Recently discovered hints that most dinosaurs may have been feathered cap a gallery of prehistoric predecessors to today’s birds.
The presentation has more of a cobbled-together feel than Guiberson’s previous look at the deep past, The Greatest Dinosaur Ever (illustrated by Gennady Spirin, 2013). Despite the title, the book goes beyond feathers. Guiberson discusses how the colors of fossilized feathers can be deduced from the shapes of their microscopic melanosomes, but she also describes early appearances of other avian features such as wishbones and a two-legged stance. But that anatomical focus doesn’t extend to the illustrations, as in the dimly lit paintings, dinosaurs loom indistinctly, their colors muted and limbs tightly folded or otherwise angled so that structural details are hard to make out. Eoalulavis appears only as a few tiny figures winging past a pair of immense sauropods, and the towering ornithischian confronting a modern ostrich on the final spread isn’t identified at all. The portraits are arranged in rough chronological order, but there are no clues in text or pictures to the dinosaurs’ specific eras. Despite a reference to the “teeny wings” of Hesperornis and a few other breaks in tone, the author’s commentary is otherwise solid…until its grand but insupportable closing claim that birds now inhabit “every environment on Earth.”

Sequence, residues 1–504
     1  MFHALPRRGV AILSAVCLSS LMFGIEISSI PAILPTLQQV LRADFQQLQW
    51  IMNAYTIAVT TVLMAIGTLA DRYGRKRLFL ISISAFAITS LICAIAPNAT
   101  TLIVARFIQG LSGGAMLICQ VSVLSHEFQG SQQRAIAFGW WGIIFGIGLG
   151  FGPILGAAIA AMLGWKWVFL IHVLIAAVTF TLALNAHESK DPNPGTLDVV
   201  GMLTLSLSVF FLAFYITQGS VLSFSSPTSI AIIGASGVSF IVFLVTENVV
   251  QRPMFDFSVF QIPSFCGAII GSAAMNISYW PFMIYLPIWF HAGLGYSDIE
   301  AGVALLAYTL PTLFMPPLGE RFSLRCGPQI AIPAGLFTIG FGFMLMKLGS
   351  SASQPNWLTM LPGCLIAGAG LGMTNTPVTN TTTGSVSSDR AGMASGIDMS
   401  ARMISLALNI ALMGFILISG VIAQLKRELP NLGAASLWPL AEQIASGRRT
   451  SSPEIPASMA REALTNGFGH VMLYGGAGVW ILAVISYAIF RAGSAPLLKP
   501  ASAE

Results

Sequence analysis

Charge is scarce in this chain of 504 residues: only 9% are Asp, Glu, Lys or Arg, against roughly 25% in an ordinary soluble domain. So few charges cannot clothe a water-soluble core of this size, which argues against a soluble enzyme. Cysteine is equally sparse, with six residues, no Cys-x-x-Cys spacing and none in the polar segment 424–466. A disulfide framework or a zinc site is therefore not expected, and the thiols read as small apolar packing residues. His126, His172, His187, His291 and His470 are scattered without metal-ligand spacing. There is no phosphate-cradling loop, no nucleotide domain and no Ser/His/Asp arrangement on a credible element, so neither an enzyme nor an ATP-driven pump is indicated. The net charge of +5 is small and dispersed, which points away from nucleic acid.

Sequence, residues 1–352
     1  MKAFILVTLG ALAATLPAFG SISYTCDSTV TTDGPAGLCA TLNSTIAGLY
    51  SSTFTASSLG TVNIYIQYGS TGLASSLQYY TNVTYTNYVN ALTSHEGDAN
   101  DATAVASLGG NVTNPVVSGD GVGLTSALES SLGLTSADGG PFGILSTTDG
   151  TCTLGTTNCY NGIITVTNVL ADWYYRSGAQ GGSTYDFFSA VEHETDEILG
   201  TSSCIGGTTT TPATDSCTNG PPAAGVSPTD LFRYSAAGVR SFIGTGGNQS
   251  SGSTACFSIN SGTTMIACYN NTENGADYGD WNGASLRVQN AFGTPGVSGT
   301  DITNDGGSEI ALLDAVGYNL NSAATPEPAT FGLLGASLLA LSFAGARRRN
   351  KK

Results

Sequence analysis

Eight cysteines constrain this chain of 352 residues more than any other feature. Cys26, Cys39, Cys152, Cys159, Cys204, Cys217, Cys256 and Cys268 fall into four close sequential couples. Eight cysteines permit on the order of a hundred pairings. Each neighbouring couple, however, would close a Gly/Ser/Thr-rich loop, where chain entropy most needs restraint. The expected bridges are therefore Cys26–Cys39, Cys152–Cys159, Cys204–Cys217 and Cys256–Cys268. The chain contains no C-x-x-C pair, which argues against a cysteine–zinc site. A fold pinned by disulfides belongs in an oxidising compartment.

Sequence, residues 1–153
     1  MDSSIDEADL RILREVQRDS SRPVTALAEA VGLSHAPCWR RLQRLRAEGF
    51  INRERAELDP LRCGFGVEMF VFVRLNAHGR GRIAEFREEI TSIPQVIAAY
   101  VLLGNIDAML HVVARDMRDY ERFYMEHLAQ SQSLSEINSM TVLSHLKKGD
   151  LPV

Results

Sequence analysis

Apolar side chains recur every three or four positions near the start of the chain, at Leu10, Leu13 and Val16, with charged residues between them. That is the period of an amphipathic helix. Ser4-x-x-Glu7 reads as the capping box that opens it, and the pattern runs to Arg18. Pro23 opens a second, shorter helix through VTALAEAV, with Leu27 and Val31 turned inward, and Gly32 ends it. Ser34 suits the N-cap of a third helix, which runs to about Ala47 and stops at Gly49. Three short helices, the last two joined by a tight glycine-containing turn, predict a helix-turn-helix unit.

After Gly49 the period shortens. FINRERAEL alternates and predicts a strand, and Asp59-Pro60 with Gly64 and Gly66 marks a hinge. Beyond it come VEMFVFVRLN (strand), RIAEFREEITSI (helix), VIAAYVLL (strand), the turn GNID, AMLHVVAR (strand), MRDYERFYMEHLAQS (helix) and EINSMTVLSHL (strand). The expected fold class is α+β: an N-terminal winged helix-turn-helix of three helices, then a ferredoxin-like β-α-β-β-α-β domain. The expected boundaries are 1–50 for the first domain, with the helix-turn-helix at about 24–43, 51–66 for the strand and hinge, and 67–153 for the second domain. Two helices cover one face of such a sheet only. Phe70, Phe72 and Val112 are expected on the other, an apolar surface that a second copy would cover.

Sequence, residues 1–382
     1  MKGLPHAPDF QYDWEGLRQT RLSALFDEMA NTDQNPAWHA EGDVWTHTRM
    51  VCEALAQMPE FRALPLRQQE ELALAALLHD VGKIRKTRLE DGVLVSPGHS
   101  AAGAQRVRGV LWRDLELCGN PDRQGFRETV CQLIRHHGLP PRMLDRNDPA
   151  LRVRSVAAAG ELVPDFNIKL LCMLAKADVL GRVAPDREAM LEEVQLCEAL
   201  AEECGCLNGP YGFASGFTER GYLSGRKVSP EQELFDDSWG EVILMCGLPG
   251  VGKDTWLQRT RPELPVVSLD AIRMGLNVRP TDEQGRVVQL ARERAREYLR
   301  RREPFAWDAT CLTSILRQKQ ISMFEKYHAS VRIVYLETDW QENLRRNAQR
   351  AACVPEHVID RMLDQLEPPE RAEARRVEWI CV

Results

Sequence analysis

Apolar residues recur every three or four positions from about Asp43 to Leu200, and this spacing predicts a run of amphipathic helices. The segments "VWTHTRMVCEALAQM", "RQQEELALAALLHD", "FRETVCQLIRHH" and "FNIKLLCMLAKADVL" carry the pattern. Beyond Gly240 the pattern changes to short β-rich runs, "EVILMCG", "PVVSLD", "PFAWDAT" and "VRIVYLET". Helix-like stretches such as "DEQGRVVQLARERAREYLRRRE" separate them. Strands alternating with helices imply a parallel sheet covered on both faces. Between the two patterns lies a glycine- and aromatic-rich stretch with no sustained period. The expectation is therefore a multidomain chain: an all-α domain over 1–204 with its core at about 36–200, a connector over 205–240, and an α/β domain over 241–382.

Fine viewing, but more of an art exhibit than a systematic family history. (bibliography) (Informational picture book. 8-10)